In case you've missed it, we're having a big time corruption commission with a lot of explosive disclosures and amazing allegations.
But that's really nowt new.
In 1888 Montreal had a commission on corruption in the construction industry very much like the one that's taking place now.
The inquiry was known as the Boodle Commission, apparently named after a similar one held a few years earlier in New York City,* and further bolstering my suspicion that such commissions are a little contagious and that our current investigation will lead to a spate of similar affairs elsewhere.
The commission was prompted by a petition signed by 10,000 and dragged on for at least five years, it would appear and one New York Times article noted just days before the 1893 civic election, that the corruption had led the city into a debt of $19 million, pretty huge money at the time for a city of 206,000.
Allegations flew everywhere, and those accused included Mayor Jimmy McShane, whose side saw it as a way to subvert the elections. McShane was accused by J.P. Wheland of taking $7,000 in cash bribes and he retaliated with a $50,000 libel suit in 1891.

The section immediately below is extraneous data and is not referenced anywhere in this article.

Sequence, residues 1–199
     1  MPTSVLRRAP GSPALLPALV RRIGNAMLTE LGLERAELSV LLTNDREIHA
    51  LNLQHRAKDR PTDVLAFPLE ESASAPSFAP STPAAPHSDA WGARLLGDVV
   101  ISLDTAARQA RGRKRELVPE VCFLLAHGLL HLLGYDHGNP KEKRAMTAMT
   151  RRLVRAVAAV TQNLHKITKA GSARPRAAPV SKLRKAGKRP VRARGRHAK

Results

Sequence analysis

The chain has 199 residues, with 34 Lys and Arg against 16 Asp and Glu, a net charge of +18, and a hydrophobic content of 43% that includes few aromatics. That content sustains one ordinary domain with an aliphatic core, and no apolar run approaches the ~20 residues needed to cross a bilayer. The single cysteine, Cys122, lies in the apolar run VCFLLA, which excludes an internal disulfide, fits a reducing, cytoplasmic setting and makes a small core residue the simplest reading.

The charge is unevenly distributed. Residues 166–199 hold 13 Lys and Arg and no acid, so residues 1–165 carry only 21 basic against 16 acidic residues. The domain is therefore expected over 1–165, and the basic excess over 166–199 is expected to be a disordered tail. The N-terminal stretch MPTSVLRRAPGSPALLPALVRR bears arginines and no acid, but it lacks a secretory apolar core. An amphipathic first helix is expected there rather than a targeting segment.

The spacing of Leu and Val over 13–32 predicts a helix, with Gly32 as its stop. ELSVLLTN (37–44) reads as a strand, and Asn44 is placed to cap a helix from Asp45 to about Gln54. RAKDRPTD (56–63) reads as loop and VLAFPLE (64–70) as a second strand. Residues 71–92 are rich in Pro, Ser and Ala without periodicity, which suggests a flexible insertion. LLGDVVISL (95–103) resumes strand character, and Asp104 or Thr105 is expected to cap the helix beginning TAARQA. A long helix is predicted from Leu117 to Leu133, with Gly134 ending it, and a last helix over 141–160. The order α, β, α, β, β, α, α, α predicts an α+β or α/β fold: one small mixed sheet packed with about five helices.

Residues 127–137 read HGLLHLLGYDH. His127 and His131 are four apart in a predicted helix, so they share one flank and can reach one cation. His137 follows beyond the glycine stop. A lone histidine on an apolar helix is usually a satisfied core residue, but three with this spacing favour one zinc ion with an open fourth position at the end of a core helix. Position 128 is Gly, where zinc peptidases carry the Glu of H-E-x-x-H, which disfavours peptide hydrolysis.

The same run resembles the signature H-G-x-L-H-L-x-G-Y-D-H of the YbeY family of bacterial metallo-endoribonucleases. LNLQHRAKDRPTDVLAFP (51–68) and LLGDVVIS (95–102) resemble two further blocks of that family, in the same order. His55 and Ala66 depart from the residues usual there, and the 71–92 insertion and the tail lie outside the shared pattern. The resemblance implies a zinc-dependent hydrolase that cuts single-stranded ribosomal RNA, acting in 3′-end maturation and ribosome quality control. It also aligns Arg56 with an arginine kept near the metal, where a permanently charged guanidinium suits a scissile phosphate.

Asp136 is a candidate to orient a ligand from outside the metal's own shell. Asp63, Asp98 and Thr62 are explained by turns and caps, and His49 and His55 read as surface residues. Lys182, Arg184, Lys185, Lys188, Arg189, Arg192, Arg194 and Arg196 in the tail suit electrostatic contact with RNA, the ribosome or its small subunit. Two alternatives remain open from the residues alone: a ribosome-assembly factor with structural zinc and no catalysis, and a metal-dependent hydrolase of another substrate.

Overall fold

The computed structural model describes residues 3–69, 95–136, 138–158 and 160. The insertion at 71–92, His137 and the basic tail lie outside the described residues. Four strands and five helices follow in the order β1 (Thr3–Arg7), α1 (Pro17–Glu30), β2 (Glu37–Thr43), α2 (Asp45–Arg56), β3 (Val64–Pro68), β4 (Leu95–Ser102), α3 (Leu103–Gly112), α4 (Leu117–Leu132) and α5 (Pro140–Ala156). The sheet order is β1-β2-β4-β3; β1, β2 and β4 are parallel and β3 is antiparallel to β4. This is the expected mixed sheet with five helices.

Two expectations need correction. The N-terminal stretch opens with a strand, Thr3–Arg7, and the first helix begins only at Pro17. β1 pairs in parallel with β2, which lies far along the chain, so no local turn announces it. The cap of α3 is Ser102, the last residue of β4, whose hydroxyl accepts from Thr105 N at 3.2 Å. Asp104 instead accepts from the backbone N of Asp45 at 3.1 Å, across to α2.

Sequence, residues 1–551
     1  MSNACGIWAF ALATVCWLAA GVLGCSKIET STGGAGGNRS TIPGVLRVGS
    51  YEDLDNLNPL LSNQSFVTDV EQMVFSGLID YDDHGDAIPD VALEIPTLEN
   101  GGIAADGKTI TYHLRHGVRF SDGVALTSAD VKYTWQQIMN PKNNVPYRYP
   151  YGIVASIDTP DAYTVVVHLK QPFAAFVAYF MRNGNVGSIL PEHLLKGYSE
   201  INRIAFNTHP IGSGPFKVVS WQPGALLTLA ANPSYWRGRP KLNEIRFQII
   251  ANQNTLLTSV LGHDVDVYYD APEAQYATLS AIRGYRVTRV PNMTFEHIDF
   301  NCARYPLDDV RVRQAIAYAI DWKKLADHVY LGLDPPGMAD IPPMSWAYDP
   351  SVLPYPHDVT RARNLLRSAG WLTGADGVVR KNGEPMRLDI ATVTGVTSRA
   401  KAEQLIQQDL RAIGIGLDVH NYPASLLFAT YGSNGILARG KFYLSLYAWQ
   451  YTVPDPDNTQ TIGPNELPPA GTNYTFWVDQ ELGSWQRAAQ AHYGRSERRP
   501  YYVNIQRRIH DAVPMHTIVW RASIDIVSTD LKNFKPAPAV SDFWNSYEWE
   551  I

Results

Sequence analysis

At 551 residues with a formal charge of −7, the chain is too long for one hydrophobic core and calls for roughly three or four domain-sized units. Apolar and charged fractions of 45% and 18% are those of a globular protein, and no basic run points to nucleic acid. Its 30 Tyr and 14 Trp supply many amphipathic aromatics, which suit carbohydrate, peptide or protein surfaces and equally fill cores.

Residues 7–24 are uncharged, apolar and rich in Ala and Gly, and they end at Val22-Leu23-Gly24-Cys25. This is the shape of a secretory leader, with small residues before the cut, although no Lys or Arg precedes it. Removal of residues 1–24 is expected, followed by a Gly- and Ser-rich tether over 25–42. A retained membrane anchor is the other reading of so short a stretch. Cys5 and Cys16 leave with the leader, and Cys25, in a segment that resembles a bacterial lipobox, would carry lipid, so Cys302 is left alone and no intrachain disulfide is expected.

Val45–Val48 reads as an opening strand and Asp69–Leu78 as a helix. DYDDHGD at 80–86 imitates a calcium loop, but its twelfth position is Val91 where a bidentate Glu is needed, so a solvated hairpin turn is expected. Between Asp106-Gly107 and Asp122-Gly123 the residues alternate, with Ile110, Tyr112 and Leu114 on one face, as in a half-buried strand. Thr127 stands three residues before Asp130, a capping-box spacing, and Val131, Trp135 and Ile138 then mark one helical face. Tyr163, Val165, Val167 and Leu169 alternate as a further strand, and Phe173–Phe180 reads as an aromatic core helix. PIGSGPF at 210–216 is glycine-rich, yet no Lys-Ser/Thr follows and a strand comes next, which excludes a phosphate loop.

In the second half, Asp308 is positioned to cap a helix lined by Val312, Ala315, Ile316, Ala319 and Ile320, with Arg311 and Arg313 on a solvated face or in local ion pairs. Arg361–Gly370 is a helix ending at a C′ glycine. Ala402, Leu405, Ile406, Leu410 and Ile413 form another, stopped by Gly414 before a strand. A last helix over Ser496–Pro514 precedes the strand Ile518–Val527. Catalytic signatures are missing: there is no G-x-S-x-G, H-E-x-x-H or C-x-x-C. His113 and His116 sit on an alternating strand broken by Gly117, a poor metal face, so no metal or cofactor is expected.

The French newspapers were alleged to have taken kickbacks to overlook the contract fixing that included a major electrical contract. And an Inspector McMahon was sued for alleging that one of the Alermen had purjured himself.
In short, the Boodle Commission was far ranging and resulted in loads ofallegations and denials and all other sorts of things, the final result we're not yet entirely sure of .
Except that it didn't prevent the same thing from recuring 125 years later.
*Rather entertaining Montreal connedction to be detailed in an upcoming post.